In my online survey course students will engage in weekly discussions about the primary documents I have assigned.  For studying the New Deal I plan to give them a word cloud of FDR’s first inaugural address and ask them to compare and contrast the concepts highlighted in the word cloud with what they think they know about this iconic speech.

Here is the word cloud and a link to the speech <>:


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Source: Digital Discussion Assignment

Revision of America in the Sixties Course with Digital Assignment

Below is a revision of my “America in the Sixties” course which I will teach in the spring of 2014. (Lucky for me I’m on sabbatical in the fall). In order to add this assignment, I had to give up a “role playing” game. For more on these role playing games see: Reacting to the Past. Though I’m willing to give up this game for this course, I strongly encourage members of the digital history community to familiarize themselves with this innovative student-centered learning technique pioneered by Mark Carnes of Barnard College.

Course Outcomes: (Derived for common Departmental and AHA-tuning-in project standards)
1. Knowledge of era: Students will use course materials to make connections between past and present issues.
2. Thinking skills: Students will demonstrate analytical and critical thinking skills necessary for interpreting and using sources as basis for thesis/argument.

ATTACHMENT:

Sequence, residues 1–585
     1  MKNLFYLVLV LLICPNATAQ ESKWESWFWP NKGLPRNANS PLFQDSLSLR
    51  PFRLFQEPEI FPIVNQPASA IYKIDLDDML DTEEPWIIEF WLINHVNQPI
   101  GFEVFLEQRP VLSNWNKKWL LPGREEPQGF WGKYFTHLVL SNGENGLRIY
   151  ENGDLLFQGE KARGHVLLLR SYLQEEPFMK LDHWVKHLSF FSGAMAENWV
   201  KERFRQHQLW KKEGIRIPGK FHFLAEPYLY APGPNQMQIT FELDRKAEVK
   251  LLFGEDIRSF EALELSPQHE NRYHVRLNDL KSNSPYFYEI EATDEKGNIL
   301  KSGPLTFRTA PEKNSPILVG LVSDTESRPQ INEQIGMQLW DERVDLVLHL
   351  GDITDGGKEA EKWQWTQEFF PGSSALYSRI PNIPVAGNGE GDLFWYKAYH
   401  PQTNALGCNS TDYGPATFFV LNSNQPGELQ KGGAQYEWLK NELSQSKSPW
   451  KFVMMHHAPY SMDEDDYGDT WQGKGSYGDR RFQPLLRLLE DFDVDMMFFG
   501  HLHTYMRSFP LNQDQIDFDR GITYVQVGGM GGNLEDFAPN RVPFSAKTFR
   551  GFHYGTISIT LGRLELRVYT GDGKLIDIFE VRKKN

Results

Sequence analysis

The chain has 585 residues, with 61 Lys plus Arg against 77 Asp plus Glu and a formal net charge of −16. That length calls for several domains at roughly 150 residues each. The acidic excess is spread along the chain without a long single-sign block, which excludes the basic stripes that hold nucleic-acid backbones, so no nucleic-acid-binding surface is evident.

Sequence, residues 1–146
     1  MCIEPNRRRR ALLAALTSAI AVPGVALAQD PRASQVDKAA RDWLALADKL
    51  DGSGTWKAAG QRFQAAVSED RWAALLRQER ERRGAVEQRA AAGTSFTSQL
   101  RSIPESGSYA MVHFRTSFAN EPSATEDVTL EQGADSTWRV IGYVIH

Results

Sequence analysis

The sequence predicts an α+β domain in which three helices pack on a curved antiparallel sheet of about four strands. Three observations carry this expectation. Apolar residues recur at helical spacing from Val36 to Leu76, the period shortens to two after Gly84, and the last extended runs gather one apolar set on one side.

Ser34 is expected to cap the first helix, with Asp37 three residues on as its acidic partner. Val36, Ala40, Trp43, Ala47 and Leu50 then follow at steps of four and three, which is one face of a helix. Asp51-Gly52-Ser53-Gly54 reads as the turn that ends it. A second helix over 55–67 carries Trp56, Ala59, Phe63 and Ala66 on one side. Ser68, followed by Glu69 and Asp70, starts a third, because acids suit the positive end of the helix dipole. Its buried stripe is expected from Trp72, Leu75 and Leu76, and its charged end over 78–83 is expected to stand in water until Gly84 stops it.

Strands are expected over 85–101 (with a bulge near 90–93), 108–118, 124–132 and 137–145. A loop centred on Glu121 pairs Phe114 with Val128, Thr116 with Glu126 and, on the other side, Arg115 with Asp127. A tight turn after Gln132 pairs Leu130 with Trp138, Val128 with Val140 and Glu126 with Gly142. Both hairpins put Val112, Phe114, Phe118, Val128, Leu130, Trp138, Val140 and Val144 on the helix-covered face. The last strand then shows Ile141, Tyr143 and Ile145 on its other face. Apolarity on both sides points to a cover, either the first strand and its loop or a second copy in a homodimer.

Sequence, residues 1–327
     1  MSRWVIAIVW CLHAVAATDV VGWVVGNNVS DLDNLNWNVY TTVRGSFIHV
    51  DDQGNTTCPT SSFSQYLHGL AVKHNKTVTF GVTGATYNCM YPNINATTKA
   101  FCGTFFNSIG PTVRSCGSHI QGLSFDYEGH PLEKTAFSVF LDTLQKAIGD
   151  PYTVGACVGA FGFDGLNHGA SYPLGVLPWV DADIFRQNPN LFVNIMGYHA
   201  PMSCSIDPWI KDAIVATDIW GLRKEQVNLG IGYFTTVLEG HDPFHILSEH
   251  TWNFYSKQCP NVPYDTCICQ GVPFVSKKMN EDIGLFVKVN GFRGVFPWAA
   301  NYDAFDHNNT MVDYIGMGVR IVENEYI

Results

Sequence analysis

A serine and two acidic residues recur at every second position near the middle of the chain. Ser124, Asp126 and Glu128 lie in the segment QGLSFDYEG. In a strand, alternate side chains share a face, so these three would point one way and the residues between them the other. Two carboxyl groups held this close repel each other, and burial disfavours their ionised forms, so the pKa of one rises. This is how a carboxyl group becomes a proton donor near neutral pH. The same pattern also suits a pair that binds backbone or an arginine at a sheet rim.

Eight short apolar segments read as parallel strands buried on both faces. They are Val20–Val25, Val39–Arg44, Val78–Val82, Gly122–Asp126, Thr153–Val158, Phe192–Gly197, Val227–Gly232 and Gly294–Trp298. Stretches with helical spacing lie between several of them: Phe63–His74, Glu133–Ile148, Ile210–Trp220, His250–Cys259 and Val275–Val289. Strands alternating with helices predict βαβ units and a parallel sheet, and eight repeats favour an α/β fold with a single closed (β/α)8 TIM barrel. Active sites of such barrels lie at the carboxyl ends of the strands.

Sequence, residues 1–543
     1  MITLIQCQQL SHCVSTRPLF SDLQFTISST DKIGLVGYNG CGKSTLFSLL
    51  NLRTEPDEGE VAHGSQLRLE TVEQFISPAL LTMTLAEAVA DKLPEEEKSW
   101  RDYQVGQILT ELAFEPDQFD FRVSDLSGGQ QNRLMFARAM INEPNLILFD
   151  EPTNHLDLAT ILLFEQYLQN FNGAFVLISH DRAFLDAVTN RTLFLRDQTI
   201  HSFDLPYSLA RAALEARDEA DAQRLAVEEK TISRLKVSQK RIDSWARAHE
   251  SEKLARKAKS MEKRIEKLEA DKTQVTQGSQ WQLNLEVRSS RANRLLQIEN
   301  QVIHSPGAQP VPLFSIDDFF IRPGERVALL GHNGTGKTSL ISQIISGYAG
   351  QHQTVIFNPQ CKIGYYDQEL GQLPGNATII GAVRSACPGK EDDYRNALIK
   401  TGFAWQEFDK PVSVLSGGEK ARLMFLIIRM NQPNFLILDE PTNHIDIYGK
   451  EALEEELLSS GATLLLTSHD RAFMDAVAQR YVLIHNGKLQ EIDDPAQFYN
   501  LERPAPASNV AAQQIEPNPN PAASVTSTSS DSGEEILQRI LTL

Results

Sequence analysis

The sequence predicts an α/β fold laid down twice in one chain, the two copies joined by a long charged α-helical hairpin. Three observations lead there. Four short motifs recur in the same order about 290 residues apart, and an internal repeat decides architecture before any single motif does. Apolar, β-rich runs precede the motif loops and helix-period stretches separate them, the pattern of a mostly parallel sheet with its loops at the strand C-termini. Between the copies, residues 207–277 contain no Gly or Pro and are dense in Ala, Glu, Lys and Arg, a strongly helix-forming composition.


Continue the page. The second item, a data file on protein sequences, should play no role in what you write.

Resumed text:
3. Academic/Professional Standards (Writing): Students will be able to write competently, including using correct mechanics and style appropriate for audience.
4. Academic/Professional Standards (Oral/Visual/[Digital]Presentation): Students will present work with professional appearance and demeanor.

1) Peter B. Levy, ed., America in the Sixties—Right, Left, and Center: A Documentary History (Praeger, 1998).
2) David Maraniss, They Marched Into Sunlight: War and Peace, Vietnam and America, October 1967 (Simon & Schuster, 2003)
3) Assorted scholarly readings available via jstor or posted online.

1) Two papers (27.5% of grade.) (See attached)
2) Class assignments and participation (25% of grade)

3) One group “digital” assignment (25% of grade) (4-5 students per group)

A. Goals of Assignment: The object/goals of this assignment are threefold:
1. To enhance student research skills and critical thinking skills.
2. To enhance student understanding of the time period.
3. To enhance student skills and comfort in using digital technologies
B. To fulfill this requirement student can chose one of two options.
1. Compose and post a blog, using Word Press, on a topic of your choice. For a sample of a blog see: Please note that this blog, much like a formal paper, contains an argument, supported by evidence drawn from primary and secondary sources, and references in Chicago Manual of Style format. The blog post is roughly 10-12 pages long, includes visual media and its creators have considered its design as well as its content. (Further clarification on the assessment of the blog will be posted.)